On October 17, 2022, Datassential analyzed the operating hours of hundreds of thousands of restaurants in the U.S. They compared these operating hours to October 2019, before the pandemic struck. The results: Restaurants have reduced their hours by an average of 7.5% nationwide, amounting to about 6.4 fewer hours they’re open to the public each week.
The Changing Restaurant Landscape
An unprecedented worker shortage and rising food costs have transformed how restaurants operate. It’s changed its recipes, menu selections, and hours of operation. The analysis found that over 58% of U.S. restaurants have reduced their operating hours since 2019, with casual dining restaurants experiencing some of the greatest reductions, amounting to about 8.9 hours each week. Today, many more restaurants close by 8 p.m. or 9 p.m. compared to 2019.
The Last Frontier, otherwise known as Alaska, is the only state that has seen expanded hours of operation for restaurants—2.7 hours each week. The states with the most significant reduction all fall on the Eastern Seaboard and include New York, Maine, Vermont, and Washington, DC, with reduced weekly hours ranging from 9.5-12.5.
When Datassential took a bird’s eye view of neighborhoods, the River North area of Chicago saw the biggest decline, with lost weekly hours averaging just over 20. This was followed closely by three neighborhoods in New York City: Chelsea, Meatpacking District, and the Theater District, all with 19-plus reduced hours. About 12 of the 15 neighborhoods with the greatest reduction in restaurant operating hours are found in New York City.
The Reason for Reduced Operating Hours
Undoubtedly, the number one reason is the worker shortage that has left some positions unfilled. However, demand has also impacted restaurants’ hours as the growing hybrid workforce reduced daytime and after-work traffic, particularly in business districts.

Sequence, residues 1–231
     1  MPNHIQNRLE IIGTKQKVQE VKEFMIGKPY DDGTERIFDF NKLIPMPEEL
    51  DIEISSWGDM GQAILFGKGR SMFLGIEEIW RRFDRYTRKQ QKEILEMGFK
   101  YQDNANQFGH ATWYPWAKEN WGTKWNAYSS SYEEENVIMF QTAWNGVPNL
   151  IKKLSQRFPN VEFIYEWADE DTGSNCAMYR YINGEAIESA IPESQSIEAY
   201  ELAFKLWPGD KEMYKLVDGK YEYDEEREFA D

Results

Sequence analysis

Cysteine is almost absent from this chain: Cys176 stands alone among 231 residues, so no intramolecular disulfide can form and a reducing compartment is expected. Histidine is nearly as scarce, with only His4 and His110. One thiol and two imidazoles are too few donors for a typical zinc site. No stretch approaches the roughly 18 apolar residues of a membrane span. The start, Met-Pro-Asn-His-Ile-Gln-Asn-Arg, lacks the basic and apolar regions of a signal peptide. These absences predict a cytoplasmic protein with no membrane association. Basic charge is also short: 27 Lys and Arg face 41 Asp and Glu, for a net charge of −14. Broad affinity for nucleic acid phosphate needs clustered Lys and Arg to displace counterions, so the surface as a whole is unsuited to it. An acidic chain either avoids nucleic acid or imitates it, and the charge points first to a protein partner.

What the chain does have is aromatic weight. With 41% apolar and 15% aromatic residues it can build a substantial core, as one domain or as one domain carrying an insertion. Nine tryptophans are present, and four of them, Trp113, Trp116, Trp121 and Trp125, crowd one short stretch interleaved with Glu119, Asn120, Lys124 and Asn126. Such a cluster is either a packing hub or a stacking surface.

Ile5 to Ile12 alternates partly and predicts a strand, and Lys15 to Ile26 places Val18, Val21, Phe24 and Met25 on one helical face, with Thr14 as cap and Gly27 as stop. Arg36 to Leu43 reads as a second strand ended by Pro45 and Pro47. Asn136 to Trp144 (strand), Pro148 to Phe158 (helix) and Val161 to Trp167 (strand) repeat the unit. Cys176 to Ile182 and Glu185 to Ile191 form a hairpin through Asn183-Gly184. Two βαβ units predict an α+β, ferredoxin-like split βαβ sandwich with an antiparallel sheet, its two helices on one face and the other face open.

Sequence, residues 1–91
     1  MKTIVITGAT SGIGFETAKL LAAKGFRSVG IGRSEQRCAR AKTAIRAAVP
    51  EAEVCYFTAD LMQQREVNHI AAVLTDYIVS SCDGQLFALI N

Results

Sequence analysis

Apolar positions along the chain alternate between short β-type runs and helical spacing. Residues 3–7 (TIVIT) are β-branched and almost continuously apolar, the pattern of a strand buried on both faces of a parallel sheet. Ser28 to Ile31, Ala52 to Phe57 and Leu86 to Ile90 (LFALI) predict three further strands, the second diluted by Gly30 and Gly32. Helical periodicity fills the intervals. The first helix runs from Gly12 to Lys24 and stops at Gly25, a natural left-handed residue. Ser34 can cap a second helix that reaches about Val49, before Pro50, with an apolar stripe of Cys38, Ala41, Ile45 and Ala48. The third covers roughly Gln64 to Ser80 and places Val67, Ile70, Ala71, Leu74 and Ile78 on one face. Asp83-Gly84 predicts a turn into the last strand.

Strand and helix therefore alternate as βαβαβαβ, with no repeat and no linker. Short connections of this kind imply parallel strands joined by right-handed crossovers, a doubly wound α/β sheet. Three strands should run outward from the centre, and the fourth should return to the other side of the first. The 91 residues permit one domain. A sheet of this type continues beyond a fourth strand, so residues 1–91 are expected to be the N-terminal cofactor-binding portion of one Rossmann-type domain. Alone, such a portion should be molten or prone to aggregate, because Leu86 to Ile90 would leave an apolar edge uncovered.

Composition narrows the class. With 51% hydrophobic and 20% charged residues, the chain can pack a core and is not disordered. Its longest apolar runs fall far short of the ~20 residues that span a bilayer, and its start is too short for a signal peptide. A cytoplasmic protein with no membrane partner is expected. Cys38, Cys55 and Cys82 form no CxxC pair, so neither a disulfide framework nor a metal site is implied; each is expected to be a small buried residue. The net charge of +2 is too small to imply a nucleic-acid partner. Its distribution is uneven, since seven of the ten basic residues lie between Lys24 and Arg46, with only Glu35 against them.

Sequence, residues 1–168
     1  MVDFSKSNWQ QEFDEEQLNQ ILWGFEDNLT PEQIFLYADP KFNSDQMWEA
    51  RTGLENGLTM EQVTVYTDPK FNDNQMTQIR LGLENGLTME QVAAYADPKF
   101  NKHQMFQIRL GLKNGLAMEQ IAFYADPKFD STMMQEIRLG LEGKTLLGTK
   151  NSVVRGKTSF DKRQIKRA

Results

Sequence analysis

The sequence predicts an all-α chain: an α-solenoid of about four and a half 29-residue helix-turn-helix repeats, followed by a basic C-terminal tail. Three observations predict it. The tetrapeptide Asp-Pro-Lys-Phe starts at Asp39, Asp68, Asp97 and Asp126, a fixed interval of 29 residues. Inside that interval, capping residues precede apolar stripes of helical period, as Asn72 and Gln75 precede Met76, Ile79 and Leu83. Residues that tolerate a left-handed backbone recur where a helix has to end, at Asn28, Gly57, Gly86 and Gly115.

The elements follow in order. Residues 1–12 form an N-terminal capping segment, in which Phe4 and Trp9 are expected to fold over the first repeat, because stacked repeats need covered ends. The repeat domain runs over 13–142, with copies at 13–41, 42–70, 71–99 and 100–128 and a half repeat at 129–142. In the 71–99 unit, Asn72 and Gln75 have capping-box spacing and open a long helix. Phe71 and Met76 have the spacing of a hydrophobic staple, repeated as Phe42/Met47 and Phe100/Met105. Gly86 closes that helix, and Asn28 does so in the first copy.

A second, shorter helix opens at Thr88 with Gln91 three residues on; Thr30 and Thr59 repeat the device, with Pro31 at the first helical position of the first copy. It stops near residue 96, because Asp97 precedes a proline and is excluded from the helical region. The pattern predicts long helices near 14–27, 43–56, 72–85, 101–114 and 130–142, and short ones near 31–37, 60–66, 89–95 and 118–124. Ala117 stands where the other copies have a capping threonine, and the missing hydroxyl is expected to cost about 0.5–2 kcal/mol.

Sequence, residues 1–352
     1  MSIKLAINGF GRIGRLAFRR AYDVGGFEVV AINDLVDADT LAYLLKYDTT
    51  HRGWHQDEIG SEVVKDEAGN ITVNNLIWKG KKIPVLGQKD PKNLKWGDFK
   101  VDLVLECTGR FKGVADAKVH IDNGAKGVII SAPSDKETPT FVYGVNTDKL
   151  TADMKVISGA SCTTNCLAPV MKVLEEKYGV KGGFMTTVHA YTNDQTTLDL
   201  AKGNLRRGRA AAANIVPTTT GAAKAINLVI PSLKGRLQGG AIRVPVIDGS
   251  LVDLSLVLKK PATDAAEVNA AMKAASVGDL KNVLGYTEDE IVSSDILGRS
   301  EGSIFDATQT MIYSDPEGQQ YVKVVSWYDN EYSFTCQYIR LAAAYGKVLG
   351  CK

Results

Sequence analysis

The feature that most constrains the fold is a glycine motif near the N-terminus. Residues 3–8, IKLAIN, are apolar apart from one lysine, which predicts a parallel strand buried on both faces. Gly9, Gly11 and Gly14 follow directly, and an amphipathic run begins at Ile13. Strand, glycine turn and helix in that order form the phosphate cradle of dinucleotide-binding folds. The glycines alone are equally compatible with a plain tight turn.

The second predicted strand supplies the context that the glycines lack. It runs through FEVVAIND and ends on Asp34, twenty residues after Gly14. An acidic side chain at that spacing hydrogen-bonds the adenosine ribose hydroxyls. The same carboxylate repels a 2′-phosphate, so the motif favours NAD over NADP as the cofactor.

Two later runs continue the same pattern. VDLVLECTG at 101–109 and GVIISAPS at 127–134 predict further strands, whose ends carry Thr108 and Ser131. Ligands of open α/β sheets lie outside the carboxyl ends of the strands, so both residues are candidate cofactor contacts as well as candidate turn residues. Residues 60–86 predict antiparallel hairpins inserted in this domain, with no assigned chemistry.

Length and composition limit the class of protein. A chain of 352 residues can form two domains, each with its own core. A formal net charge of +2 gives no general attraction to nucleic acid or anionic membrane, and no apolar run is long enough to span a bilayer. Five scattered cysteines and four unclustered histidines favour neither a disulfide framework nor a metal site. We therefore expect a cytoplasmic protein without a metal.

The analysis also found that the current environment has been particularly challenging for independent restaurants, which averaged a little over 10% decline or 7.5 hours each week. Comparatively, restaurant chains with 51-500 locations experienced a drop of 5.6 operating hours each week, and those with over 500 units saw just four reduced hours.
That said, some restaurant chains saw a reduction in operating hours far above the national average. These include Denny’s, with just over 30 hours each week; Texas Roadhouse, losing around 21 hours a week; IHOP, coming in at a loss of 17.7; and Subway missing out on 16 hours weekly. Surprisingly, Wendy’s showed an increase in operating hours, averaging over 21 hours each week. Some of these restaurants have noted increasing difficulty finding staff for late-night shifts.
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Why are so many restaurants short-staffed?
The disruption brought on by the pandemic led to restaurant operators laying off staff as their doors closed and social distancing continued. Once the restaurants reopened, they found that some employees had accepted jobs in other industries and were not returning to hospitality. They cited better working hours, less stress, greater earnings, and more dependable schedules.
Despite restaurants’ attempts to remedy some of these issues, staffing problems have persisted, and some consider this environment the “new normal.” Keep in mind that the restaurant industry is still showing signs of improvement, with food services and drinking places adding about 60,000 jobs in September 2022.
According to Reuters, IHOP, the one-time pinnacle of the 24/7 dining experience, is shortening hours at about 400 locations, or approximately one-fourth of its U.S. restaurants, due to a shortage of overnight shift workers. Some restaurants, such as Chipotle Mexican Grill, report staffing levels at or above their 2019 levels, crediting higher wages and increased benefits.
Where are the biggest employee shortages?
While organizations across the country are experiencing labor shortages, some of the top industries reporting workforce challenges include retail, manufacturing, and leisure and hospitality.